Marsala after being declared the Pantone colour of the year is already in vogue for the upcoming spring collection. What’s more to Marsala than its allure?? Did you know you know the colour got its name from Marsala a fortified wine made in the city of Marsala in Sicily, Italy? It is used in a lot of Italian cooking and it’s famous for its use in the popular Zabaglione. However Marsala is not the first colour inspired by an alcoholic beverage, with Holi, the festival of colors coming up let us look at some more colours that are just not warm to the eyes but can also get you the happy high.
Mimosa: It was the 2009 colour of the year from Pantone, was inspired from the flowers of the Mimosa and the sparkle of the cocktail Mimosa. The cocktail is as fresh as the colour, with Triple Sec and orange Juice topped with Champagne.
Nasik, Maharashtra, India
“ Give me a sweet wine’ asked a seemingly well heeled customer at a prominent South Mumbai wine store and the store associate handed him a bottle of ‘port no X’ without even a blink. The customer left happy but not before confirming, ‘Pakka meethi hai na’ he said. Well sweetness could be one of the factors that influences and perhaps the reason why a group of mid-management executives whom I ringed in the New Year with, drank sweet fizzy wine worth 350 a bottle and also declared their love for port. Is it that simple when it comes to people’s buying behavior in the country which consumes around 10 ml of wine per capita as opposed to France’ 40 litres!
I was in Bengaluru recently and met a finance honcho at his home. Knowing my background, he instantly let me see his collection of wine bottles, all Indian which he had bought at a ‘shut down’ sale. The collection included everything from a shiraz to a merlot to a cabernet sauvignon, all grape varieties and even a Goan port wine which is overwhelmingly sweet unlike all others which were dry (not sweet).I asked him his favorites and he said he like them all, his said his work involved a lot of stress and the customary glass of wine with dinner gave him a good night sleep and he also cited the health benefits from the red. In this case the wine was more therapeutic and the finance man he was, he just spent wisely!!
Another therapeutic use of a wine I stumbled upon with good evidence was when businessman at a plush Delhi hotel ordered a 12 liter bottle of sparkling wine. This therapy was psychological, he asked the server to get the bottle with all pomp and show to his table and then take it to his car, yeah he did not open it since he knew he couldn’t finish it between two of them, all he got was the eyeballs from fellow diners and he left a happy man after paying close to a million rupees in cash!!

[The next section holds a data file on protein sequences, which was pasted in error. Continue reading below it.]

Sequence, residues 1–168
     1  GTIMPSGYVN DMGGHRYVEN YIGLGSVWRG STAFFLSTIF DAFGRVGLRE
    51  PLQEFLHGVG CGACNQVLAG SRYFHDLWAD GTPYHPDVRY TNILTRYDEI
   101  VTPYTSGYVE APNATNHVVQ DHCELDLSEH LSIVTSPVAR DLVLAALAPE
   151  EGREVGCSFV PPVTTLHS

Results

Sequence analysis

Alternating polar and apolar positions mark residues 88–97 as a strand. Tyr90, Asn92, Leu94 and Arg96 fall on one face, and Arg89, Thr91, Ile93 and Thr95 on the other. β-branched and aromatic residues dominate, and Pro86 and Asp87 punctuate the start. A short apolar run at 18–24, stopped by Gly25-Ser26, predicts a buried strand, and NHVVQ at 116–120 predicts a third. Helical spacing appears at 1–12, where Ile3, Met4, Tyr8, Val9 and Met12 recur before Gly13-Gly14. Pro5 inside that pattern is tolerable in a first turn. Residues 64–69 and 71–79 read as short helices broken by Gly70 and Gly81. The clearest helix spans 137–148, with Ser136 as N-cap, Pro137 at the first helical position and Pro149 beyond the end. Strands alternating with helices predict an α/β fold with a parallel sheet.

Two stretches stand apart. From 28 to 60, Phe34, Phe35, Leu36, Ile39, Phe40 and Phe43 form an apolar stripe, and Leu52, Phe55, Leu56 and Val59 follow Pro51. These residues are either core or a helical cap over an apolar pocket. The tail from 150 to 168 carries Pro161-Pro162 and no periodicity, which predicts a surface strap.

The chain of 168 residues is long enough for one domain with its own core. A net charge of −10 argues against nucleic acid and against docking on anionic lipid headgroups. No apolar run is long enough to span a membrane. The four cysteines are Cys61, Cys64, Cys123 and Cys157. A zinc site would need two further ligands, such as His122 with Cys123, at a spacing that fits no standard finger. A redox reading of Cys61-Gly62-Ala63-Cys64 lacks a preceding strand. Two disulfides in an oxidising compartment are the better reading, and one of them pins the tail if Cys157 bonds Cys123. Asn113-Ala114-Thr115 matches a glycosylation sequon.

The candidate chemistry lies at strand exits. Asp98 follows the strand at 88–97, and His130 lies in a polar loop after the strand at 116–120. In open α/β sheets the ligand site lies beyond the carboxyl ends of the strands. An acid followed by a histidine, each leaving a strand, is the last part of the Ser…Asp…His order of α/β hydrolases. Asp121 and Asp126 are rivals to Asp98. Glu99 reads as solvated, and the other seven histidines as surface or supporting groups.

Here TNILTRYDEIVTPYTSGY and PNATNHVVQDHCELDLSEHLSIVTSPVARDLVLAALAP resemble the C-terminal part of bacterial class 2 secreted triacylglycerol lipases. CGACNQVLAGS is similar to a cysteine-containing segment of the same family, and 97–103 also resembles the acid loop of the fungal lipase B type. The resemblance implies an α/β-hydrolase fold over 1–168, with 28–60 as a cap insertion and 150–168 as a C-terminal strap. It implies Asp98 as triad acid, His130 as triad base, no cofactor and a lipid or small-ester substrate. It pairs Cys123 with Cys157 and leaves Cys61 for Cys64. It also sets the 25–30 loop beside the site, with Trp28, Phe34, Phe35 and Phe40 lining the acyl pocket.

As most of you would think, I am trying to pass some judgement about the people in contention above!! No, what I am trying to do here is to demystify wines and want to tell you that people won’t be passing judgments about you when you did not know your wines!! Did you know about hops in a beer when you had your first or did you know about peat when you really liked your first Scotch whisky, you perhaps still do not know about them; then why does wine come with such a halo that people almost take wine drinking like an examination!!! Please stop believing that people around are sitting to test you on wine jargons, they are there to enjoy their tipples and so are you.
Your wine drinking should start with a random bottle of wine; the price would depend on your propensity to pay but ideally; start lower. Savour the wine and pass your judgement, you liked it or you didn’t; to begin with and as you gain more experience with them; you can create your own scale. Wine becomes complex as there are close to 5000 grape varieties and all are distinct in their flavor profiles, the more you taste the more you know. Hence making small notes of the wine you have had becomes imperative as it is easy to forget and you could someday go back and pick the same bottle of wine you did not like!! Wine expert reviews are only good to begin with as you would eventually understand if or not your tastes match. Lastly try to pick up a short course on wines, well it surely can help you impress people if that’s your agenda but importantly it will help you drink better. Like someone has said, life is too short to drink bad wine..
‘Economy forced me to become a vegetarian, but I finally starting liking it.’ admitted Mr. A P J Abdul Kalam, ex-president of India, John Cleese the famous British author once questioned ‘If God did not intend for us to eat animals, then why did he make them out of meat?’ and Sir Paul McCartney of the Beatles fame declared ‘If slaughterhouses had glass walls, everyone would be a vegetarian.’ Well I am not here to debate about food choices but this topic of vegetarianism or consumption of meat is in contention many a times, with both parties trying to convert each other with the odd Vegan scorning at both of them. I am a vegetarian and strongly believe in eat and let eat.
We vegetarians would inadvertently choose a paneer or a mushroom considering them being ‘celebratory’ or ‘ exotic’ from a menu and when it comes to choosing a wine from a list to match with our vegetarian food, you memory goes for a spin as nothing much is spoken about vegetarian food and wine pairing. Well it is difficult to pair specific vegetables to specific wines but we shall some broad principles for food and wine pairing whilst witnessing some pairings done by the Sommelier and Chefs from leading hotels in the country.